You know what they say about death and taxes. If you work for an employer, the IRS requires the employer to withhold taxes. If you don’t have an employer, you will have to pay taxes on your own, and you can’t just wait to pay when you file your tax return. The IRS describes it this way in Topic No. 306 – Penalty for Underpayment of Estimated Tax:
“The United States income tax system is a pay-as-you-go tax system, which means that you must pay income tax as you earn or receive your income during the year. You can do this either through withholding or by making estimated tax payments. If you didn’t pay enough tax throughout the year, either through withholding or by making estimated tax payments, you may have to pay a penalty for underpayment of estimated tax.”
I had worked as both a W-2 employee and self-employed for a long time. In the past I just had my employer withhold extra to cover the taxes owed on my self-employment income. This is easier because taxes paid through withholding are assumed to be paid evenly throughout the year even if the actual withholding is more skewed toward the end of the year. By October I had a good idea how much I would earn from my self-employment in that year. I then requested my employer to withhold extra from my paychecks.
Base On Prior Year Or Current Year
After I left my full-time job last year, I’m now completely on my own. In order to avoid an underpayment penalty, the IRS says you must pay this much, whichever is lower:
- 100% of the total tax last year (110% if your last year’s AGI is more than $150k); or
- 90% of your total tax this year
Between the two methods, it’s easier to use the total tax last year because it’s not a moving target. After you file your tax return, you already know what that number is from line 15 of your 1040 form. Then you just take 100% or 110% of that amount as your target this year. It also works well when your income is going up. Even if you pay 110% of your last year’s tax, it won’t be too far off from your tax on a higher income.
However, when you expect a large drop in income, such as the case for me this year, paying based on previous year’s tax will be way off. So I’m left to guess what my income will be this year, and then calculate what my tax will be from there. Fortunately they do allow a 10% buffer. If I guess wrong, as long as I pay more than 90% I will be OK.
If you use downloaded/installed tax software instead of the online service, it’s very easy to estimate your tax based on your estimated income. Just make a copy of last year’s tax file, open it, and change the income numbers to your estimates. If you don’t have installed tax software, the Case Study Spreadsheet (aka Personal Finance Toolbox) can help, but you will have to learn how to use it. See Tax Calculator With ACA/Obamacare Health Insurance Subsidy.
After this year I will go back to using prior year’s tax as the target, which doesn’t require guessing the income or running software.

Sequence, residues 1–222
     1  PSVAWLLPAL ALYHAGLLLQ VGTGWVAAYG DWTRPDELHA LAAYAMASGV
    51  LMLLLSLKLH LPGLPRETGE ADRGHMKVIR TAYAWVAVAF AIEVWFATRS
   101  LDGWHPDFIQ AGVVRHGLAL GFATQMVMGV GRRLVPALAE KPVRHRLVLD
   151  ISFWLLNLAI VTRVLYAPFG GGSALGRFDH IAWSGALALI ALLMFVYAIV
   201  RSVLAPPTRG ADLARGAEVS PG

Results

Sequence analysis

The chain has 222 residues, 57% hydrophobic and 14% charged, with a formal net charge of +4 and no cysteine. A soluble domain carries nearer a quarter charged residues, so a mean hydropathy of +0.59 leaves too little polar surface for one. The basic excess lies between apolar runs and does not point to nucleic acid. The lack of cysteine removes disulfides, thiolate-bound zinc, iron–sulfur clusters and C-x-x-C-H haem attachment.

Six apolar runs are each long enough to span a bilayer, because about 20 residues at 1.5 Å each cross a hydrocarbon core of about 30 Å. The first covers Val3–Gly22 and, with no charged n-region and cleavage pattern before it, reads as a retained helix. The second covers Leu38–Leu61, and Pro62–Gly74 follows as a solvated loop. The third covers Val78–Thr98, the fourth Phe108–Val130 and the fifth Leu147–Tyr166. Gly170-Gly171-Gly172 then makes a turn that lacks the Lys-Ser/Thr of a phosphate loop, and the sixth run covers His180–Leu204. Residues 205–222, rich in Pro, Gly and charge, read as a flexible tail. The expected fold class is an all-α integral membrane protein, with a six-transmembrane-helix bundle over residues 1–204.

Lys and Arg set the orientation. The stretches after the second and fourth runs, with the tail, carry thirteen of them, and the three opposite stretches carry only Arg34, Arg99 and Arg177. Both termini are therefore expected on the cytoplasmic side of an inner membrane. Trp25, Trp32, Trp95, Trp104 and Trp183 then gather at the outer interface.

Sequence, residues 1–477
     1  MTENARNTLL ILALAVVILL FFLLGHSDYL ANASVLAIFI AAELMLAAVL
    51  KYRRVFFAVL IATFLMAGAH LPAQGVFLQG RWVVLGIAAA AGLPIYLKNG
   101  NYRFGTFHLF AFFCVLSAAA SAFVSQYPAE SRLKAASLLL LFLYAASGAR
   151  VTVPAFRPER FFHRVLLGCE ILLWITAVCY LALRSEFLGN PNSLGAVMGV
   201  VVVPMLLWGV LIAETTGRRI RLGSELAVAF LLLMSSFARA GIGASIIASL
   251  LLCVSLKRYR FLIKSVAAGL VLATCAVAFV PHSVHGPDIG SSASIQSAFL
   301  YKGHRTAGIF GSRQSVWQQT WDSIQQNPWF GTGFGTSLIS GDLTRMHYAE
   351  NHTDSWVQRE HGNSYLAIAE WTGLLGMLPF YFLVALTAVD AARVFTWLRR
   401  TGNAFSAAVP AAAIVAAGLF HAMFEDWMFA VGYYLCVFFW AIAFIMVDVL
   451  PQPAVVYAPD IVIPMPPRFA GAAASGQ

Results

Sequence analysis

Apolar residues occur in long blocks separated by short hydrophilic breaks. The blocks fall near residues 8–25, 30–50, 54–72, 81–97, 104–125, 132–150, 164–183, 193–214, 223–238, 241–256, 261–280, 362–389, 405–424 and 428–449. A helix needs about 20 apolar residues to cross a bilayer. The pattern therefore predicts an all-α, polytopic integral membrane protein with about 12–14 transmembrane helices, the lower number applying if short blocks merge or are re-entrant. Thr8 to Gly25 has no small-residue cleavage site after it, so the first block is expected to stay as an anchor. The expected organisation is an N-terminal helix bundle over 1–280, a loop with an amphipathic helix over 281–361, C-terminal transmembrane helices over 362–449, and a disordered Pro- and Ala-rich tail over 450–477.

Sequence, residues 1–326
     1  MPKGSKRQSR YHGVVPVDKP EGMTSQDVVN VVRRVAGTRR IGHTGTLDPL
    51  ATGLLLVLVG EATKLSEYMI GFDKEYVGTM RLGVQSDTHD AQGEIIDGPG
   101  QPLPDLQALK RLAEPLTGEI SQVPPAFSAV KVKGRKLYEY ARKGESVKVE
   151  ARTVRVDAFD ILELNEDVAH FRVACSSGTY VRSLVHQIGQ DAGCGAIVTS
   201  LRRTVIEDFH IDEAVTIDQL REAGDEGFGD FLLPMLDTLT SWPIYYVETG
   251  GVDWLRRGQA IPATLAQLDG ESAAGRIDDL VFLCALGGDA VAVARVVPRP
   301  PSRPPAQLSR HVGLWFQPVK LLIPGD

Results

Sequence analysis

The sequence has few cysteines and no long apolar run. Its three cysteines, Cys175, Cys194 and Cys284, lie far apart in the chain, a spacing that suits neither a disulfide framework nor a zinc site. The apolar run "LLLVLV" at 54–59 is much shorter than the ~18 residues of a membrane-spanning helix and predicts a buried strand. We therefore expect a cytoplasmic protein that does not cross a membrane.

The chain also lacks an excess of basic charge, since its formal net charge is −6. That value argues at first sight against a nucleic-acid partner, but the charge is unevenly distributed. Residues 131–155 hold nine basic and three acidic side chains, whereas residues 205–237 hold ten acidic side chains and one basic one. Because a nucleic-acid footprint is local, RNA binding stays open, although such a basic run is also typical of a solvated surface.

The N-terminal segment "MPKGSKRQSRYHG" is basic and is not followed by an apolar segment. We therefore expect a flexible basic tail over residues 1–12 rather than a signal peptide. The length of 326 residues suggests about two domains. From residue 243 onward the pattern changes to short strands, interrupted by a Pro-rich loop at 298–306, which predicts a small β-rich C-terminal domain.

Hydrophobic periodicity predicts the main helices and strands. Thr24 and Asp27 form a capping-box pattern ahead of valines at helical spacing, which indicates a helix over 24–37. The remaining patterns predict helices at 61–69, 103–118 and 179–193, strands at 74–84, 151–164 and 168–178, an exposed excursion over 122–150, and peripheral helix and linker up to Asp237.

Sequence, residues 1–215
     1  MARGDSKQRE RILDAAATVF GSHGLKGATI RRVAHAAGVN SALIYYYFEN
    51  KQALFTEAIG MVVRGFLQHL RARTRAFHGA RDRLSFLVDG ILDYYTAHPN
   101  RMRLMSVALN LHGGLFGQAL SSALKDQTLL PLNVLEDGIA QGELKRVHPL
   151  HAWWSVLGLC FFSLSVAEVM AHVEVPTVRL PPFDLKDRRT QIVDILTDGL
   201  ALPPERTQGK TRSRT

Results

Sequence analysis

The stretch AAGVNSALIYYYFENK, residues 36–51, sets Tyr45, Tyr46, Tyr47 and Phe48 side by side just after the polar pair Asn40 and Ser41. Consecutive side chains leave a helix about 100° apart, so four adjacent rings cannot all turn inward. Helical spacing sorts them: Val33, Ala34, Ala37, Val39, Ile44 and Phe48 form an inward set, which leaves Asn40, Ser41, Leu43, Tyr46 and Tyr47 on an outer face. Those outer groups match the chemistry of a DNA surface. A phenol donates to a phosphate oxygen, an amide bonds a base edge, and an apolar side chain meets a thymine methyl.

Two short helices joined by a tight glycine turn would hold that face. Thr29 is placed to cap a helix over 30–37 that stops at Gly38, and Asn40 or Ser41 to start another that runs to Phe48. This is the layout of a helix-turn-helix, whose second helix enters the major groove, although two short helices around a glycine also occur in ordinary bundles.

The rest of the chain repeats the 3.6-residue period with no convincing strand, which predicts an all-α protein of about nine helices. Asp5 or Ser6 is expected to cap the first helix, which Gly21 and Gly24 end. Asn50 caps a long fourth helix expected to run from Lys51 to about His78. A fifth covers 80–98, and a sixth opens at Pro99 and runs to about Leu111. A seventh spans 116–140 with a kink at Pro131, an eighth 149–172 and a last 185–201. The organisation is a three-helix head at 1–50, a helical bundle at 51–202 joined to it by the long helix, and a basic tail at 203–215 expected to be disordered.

The IRS expects estimated tax payments in four equal installments by April 15, June 15, September 15, and January 15 (of the following year). The due dates are extended to the following business day if they fall on a weekend or holiday.
Even if you earn 100% of your income in January, you can still pay in four equal installments. If you earn 100% of your income in December, they don’t expect you to have the foresight for what your annual income will be at the earlier due dates. You can pay less early in the year and more later in the year when your income also skews more toward later in the year. So just do the best you can in estimating your annual income and your tax at each due date. If you have a larger income later in the year, just pay more to catch up.
State Income Tax
The state wants their taxes too. I live in California, which has the same due dates as the IRS, but they have an accelerated collection requirement. Instead of 1/4 each at each due date, California requires 30% of the annual tax due on April 15, another 40% on June 15, and a final 30% on January 15 of the following year. This way California gets paid more sooner. By June 15, California will have already received 70% of the annual estimated tax.
The tax authorities make it relatively easy for you to pay your taxes. The IRS offers Direct Pay for one-time payments. No login or password is required. You just pay with a bank account. For scheduled payments, the IRS offers EFTPS, which requires registration and waiting for a PIN coming by mail. If you’d like to earn some reward points you can also pay with a debit card or a credit card through some third-party processors. The third-party processor will charge a fee but the fee may be lower than value of the rewards you earn.
California’s Franchise Tax Board offers Web Pay, which you can use either with a registered account or without. Without a registered account you can just pay on the fly. With a registered account you can link a bank account and schedule payments ahead of time.
Because I will be paying on my own in the foreseeable future, I registered for both IRS EFTPS and California’s Web Pay. The scheduled payments for April 15 went through smoothly.
I noticed that if you schedule a payment, the date specified is the date the debit will hit your account. They send out the debit the day before to make the debit hit your account on the scheduled date. So make sure you have the money in the account on the scheduled date and don’t think you have another day after the scheduled date. If you don’t have enough money in your account when the debit hits, the IRS can charge you a dishonored payment penalty at 2% of the payment amount with no cap. California also charges a similar dishonored payment penalty. Bouncing those two debits can cost a small fortune!
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